Infant Feeding Trends Raise Nutrition and Safety Concerns

Journal Club by Bobbie Medical

It has been well-established that nutrition during the first 1,000 days of life plays an essential role in an infant’s health and development. The quality of nutrition delivered during this foundational stage can have a lasting impact.¹ To this end, multiple professional societies - such as the American Academy of Pediatrics (AAP) and the North American Society for Pediatric Gastroenterology, Hepatology, and Nutrition (NASPGHAN) - provide clear guidance on nutrition in early life. These societies recommend exclusive breastfeeding for the first six months of life or the use of a suitable alternative: an FDA-registered infant formula or donor breast milk (DBM) from an accredited milk bank.²,³

The feeding practices recommended by groups like the AAP and NASPGHAN are centered around nutritional adequacy - the ability of the feeding practices to deliver the right amount and combination of nutrients to support an infant’s early growth and development. But beyond this, these practices are also rooted in safety. The safety of products recommended during the first year of life is confirmed by the organizations that provide oversight for these products: the US Food and Drug Administration (FDA),⁴ and in most cases for donor milk banks, the Human Milk Banking Association of North America (HMBANA).⁵

Despite these clear guidelines, it is well-known that the use of feeding practices that deviate from this guidance occurs. These can include informal breastmilk sharing, the use of non-FDA reviewed and  imported European infant formulas, toddler formulas, or homemade infant formulas. Recently, a group of researchers aimed to establish the prevalence of unrecommended and unregulated infant feeding practices that pose nutritional concerns, while also seeking insights into the reasons why parents and caregivers are driven to utilize these practices.⁶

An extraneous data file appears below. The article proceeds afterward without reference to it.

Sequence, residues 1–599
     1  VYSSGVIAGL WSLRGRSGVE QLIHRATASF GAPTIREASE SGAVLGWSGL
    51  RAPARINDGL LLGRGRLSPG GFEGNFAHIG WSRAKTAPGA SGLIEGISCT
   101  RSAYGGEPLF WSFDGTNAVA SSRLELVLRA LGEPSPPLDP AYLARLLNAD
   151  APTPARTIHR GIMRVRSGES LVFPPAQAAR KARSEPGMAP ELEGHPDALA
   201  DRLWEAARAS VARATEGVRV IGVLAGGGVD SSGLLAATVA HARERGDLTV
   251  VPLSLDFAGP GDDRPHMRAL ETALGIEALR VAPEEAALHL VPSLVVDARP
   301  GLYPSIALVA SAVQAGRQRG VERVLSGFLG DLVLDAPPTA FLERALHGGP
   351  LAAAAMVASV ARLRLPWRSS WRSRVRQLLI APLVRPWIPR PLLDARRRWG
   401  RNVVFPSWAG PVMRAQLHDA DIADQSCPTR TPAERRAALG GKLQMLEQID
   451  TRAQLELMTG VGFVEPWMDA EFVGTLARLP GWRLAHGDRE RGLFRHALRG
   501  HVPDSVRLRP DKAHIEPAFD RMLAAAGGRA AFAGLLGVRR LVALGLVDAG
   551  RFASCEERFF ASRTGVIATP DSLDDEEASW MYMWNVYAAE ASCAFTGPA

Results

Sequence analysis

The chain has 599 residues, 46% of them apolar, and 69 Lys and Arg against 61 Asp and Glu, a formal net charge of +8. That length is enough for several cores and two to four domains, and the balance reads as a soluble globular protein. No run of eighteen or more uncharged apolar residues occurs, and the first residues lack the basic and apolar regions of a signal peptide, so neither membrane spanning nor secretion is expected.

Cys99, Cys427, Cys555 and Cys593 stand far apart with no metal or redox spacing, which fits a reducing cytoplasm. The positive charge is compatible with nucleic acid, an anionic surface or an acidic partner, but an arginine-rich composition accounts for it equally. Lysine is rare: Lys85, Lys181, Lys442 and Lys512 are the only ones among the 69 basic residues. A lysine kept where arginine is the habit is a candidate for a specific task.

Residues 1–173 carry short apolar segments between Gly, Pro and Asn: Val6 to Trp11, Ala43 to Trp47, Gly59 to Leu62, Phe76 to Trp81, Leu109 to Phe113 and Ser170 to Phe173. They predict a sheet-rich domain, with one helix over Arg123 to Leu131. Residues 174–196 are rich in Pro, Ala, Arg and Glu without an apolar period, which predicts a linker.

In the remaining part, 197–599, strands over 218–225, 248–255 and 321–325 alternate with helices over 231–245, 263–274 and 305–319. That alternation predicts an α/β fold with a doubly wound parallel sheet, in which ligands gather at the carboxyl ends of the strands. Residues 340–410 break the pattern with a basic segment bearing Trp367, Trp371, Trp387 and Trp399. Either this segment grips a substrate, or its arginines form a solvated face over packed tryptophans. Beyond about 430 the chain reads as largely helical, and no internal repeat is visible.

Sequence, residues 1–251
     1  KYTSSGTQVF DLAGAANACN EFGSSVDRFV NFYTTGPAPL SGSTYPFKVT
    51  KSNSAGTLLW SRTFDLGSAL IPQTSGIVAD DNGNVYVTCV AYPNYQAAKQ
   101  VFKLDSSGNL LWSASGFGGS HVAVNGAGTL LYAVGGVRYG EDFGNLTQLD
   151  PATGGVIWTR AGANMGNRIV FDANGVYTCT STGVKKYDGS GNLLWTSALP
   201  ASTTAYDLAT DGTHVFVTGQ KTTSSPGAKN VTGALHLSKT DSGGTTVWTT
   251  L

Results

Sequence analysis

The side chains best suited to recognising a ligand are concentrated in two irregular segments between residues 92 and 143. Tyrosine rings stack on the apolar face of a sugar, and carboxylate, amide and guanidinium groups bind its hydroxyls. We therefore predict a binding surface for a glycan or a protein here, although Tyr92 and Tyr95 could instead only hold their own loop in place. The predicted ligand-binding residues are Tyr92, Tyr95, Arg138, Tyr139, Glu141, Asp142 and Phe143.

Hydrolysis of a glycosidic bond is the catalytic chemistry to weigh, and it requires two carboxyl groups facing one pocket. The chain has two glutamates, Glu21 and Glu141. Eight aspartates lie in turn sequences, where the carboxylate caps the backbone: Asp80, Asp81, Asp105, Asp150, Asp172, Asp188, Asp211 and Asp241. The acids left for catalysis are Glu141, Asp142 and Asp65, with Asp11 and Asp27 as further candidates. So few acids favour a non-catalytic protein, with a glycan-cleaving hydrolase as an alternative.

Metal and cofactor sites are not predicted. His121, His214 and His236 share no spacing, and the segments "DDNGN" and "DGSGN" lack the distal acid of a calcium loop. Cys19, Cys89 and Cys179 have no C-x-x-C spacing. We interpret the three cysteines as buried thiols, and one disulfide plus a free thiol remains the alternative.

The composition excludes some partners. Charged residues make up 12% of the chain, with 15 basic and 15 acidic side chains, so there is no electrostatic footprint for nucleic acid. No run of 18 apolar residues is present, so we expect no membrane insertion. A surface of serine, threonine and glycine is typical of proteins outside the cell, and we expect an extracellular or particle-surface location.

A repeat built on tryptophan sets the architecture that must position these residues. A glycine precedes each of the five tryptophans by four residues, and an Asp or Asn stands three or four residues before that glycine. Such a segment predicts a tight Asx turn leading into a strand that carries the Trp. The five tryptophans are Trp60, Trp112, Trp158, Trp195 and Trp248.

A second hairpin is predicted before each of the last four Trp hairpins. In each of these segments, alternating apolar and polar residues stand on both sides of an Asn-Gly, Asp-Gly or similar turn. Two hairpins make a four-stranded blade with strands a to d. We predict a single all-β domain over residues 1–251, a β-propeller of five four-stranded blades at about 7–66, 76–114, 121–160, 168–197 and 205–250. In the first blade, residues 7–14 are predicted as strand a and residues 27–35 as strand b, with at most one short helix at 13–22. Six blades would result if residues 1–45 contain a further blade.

Pediatricians and Parents Lead Research on Infant Feeding Practices

The research was led by two pediatricians who are also parents to young children - Dina DiMaggio, MD, an FAAP board-certified pediatrician, and AAP spokesperson, and Anthony Porto, MD, MPH, FAAP, board-certified pediatric gastroenterologist, AAP Spokesperson, and Associate Professor of Pediatrics and Associate Chief of Pediatric GI at Yale University. Drs. DiMaggio and Porto explain their motivation for taking on this research. Dr. DiMaggio tells us, “As a pediatrician and mother of two young children, it is extremely important to me that infants are receiving optimal nutrition during the critical first 1,000 days of life. Dr. Porto and I have dedicated our careers to studying infant nutrition and trends in infant feeding. We’ve done this so we can provide sound, up-to-date medical advice to parents and help them make informed decisions on how to provide their babies with the best possible start on their feeding journeys.“

Dr. Porto adds, “Infant nutrition has been a special interest of mine not only professionally, but also personally as a dad to two young children. This research stemmed from questions we’re commonly asked when we see families in the office. We wanted to shed light on new trends so that we could arm pediatricians and other health care professionals with the tools they need to ensure that infants get the best and safest nutritional start in life.”

Research Methods